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The late 8th century burning of the church in Deventer

Ary_Scheffer,_Charlemagne_reçoit_la_soumission_de_Widukind_à_Paderborn,_(1840)

In the late eighth century, Widukind burned the church in Deventer, the grandest structure in all of Europe. This landmark event altered Europe’s history and allowed for a powerful German empire to be born. This day is remembered as “the day of wrath” even today.

In 772 A.D., the Germanic Heruli tribe swept through Europe and conquered the city of Deventer. This was a very significant event in European history, as it was the first time that a non-Christian Germanic tribe had conquered a Christian one. When the Heruli took over control of Deventer, they destroyed many of its churches and made it into their military headquarters for more than a decade. In 787 A.D. the Normans invaded and drove out the Heruli, however, thus leading to the destruction of their posts and the return of Deventer to its original state.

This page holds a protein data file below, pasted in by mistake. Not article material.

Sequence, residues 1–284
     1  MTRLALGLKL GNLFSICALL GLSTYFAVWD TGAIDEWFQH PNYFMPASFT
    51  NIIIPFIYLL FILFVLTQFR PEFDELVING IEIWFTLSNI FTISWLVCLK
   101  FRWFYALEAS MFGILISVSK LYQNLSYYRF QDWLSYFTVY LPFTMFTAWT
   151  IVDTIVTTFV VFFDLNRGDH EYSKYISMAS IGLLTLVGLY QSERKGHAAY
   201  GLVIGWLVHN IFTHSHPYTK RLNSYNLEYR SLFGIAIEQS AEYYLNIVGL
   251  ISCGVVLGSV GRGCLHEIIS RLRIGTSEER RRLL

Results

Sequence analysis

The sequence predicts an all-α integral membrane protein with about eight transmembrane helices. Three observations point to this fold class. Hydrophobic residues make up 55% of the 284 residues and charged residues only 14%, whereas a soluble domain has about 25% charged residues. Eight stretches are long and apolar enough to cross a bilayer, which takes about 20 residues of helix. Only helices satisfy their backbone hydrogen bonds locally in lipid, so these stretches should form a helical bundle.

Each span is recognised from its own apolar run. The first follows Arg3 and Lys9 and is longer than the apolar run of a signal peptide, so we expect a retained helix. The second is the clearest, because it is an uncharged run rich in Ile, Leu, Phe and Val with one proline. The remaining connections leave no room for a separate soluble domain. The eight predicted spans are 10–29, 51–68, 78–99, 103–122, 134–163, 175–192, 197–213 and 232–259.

This day is remembered as “the day of wrath” even today.
This event was so significant because it was one of the first times that a non-Christian Germanic tribe had conquered a Christian one. The fact that this conquest occurred during such an important time in history (i.e. in the year 772) in a place of such significance in European history (i.e. in a city called Deventer) only magnified the significance of this event.

This event is remembered to this day, even though it occurred hundreds of years ago, because it is one of the most important events that occurred during the Middle Ages, and it is still taught by professors throughout Europe for this very reason.

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